In fact, before Agha Shahid Ali (1949-2001) took a loudspeaker and a sledgehammer to chide poets for calling any string of couplets written by them as a ghazal, English (American) poets created verses without constraints, without refrain, without meter, without a unity that is enforced by the rhyme scheme and the lament-like undercurrent. They created so-called ghazals without allusions or gratitude to a rich Eastern inheritance. Anguished by reading what passed for ghazal in English and acutely aware of the sub-textual richness of the form due to his Indian heritage, Shahid pointed out that "the Americans had got the ghazal quite wrong". Like a teacher and Eastern mystic he patiently explained, with examples he created, how to craft a ghazal in English. He later edited an anthology "Ravishing Disunities: Real Ghazals in English" where many contemporary poets wrote ghazals that Shahid accepted into the fold (many that I would dismiss as unrealized or unsuccessful attempts). Before revisiting the formal elements necessary for composing a ghazal, here are selected couplets from a ghazal by Shahid that appears in his collection titled "Call Me Ishmael Tonight":

Where are you now? Who lies beneath your spell tonight?
Whom else from rapture’s road will you expel tonight?

I beg for haven: Prisons, let open your gates—
A refugee from Belief seeks a cell tonight.

Lord, cried out the idols, Don’t let us be broken;
Only we can convert the infidel tonight.

In the heart’s veined temple, all statues have been smashed.
No priest in saffron’s left to toll its knell tonight.

And I, Shahid, only am escaped to tell thee—
God sobs in my arms. Call me Ishmael tonight.

Celebrated ghazals by masters in Arabic, Persian, Urdu or Hindi have all the formal elements woven into a tapestry that is intricate, complex, and beautiful. In these cerebral yet popular ghazals, even through all constraints (social and literary) are respected, the resulting verses are musical and lyrical, ready to be recited or sung to diverse audiences who marvel at every turn of phrase, every choice of rhyme, and find relief, release, joy in the ageless words of the poet. In fact, performance of a ghazal in the East involves a protocol unmatched by any I know of in the Western poetry. The poet first recites a line, then repeats it, accentuating the effect by changing the tone or by stretching out or stressing a word. The audience repeats a phrase or the line, an expectation is built up. Now the second line of the couplet is released amongst much fanfare. Soon the refrain is on only everybody's lip, but the mystery of what could come before the refrain sustains the excitement. One couplet won the approval of the audience, now the next is another battle, another farewell, another journey, another quest, till the final verse brings the lament to a halt, after which only a silent ache, a memory remains.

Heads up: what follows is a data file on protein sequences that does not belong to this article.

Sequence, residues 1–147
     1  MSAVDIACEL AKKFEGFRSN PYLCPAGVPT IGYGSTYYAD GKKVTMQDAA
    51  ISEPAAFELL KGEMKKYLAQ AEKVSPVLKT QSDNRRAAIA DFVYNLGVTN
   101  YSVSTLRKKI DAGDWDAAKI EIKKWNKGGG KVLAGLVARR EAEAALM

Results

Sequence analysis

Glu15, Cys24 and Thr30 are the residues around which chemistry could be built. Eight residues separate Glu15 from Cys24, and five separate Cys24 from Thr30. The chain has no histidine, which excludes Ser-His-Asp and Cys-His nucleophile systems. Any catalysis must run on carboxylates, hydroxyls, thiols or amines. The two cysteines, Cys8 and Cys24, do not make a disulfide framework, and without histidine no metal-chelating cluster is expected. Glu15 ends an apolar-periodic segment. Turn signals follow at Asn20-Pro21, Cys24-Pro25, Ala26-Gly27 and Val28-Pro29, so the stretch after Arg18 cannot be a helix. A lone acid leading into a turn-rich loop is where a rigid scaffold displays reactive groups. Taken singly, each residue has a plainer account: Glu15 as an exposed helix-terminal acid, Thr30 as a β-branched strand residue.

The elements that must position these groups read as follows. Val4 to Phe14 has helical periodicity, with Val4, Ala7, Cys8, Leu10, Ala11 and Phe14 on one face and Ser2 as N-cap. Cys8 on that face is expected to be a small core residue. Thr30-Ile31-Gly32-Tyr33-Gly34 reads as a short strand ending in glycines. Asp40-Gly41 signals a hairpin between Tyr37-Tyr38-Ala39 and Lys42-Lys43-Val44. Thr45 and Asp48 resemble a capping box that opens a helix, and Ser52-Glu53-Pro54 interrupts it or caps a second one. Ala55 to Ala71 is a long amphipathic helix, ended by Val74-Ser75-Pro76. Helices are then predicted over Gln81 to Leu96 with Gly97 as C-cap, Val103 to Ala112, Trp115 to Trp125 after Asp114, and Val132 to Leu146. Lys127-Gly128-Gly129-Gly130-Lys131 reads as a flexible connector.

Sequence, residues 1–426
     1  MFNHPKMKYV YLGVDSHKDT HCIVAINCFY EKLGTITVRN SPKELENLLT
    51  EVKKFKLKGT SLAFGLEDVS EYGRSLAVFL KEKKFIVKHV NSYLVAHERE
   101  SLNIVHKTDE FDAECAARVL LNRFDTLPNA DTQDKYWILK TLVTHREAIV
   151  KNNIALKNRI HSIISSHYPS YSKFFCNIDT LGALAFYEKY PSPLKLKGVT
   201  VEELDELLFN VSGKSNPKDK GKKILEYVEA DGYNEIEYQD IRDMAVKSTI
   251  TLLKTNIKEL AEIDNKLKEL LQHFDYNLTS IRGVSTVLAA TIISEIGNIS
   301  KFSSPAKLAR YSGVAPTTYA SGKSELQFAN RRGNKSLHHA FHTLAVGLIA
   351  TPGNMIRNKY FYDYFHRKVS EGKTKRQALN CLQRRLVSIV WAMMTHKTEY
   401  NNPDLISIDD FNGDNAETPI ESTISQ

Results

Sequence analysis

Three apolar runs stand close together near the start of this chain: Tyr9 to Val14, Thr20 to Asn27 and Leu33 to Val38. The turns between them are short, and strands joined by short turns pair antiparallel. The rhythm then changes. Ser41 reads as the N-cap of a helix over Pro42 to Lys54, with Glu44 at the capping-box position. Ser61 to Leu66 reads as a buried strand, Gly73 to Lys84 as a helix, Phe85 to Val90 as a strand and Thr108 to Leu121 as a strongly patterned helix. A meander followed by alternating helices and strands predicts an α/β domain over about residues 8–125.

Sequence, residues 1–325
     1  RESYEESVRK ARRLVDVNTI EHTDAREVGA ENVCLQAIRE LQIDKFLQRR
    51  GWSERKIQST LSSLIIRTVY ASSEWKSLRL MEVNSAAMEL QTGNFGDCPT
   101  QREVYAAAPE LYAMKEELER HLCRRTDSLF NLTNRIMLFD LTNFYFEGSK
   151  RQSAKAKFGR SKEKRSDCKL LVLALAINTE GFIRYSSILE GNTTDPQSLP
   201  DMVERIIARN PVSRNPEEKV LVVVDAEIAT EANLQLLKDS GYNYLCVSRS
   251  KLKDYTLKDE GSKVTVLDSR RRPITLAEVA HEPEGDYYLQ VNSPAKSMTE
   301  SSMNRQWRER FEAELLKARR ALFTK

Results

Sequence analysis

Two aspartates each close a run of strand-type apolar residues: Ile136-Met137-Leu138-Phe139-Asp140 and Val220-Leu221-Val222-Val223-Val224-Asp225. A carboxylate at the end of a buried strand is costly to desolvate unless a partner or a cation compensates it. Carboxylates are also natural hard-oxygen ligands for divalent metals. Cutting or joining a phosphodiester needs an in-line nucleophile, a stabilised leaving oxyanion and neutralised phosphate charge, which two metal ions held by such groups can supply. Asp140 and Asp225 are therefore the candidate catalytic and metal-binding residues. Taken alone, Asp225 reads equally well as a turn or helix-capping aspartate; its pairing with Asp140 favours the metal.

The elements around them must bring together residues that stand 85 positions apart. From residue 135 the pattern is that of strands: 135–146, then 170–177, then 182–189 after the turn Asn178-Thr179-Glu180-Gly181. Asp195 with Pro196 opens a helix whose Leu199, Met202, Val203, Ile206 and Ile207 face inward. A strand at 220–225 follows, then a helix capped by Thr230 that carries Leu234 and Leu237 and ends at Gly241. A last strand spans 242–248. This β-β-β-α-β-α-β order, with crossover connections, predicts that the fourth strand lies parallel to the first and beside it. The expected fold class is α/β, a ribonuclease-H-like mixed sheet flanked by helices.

Ghazal is by nature an address by a poet-protagonist (dying deer) to a beloved (who could be imaginary, distant or absent). Ghazal is always a declaration, but hardly ever a monologue. A farewell song with a detached sense of a lost cause, and also craving expressed with a latent hope that it will reach the intended ears. Sentimentality, abstracted to the extent that it becomes a metaphor for any unfulfilled or unrealizable dream or desire or rather every cause worth pining, dying or fighting for. The sufi poets of the subcontinent and of Persia compose verses addressing the almighty as the ultimate beloved. All good ghazals arrive in multiple incarnations, sensuous from the lips of a courtesan, spiritual in the company of dancing dervishes or sufis, entertaining when recited in a drunken party and thought provoking for critics and casual listeners. In Farsi or Urdu, every ghazal engages in a dialogue with verses that came before, and the task of writing fresh verses involves a heightened sensibility that helps in creating suspense, surprise, pleasure, catharsis, nirvana. Why must a ghazal in English care for the inheritance of loss, these cultures full of constraints, semantics of unfulfilled desires or the mysticism of foreign lands? One compelling reason, I think, is the fact that just India alone has more English speakers than the US and UK combined. If we account for all the countries and cultures that have memory of ghazal in another language, ignoring this inheritance is like imagining that English language without the backdrop of European history, religious practices, politics, literature and languages.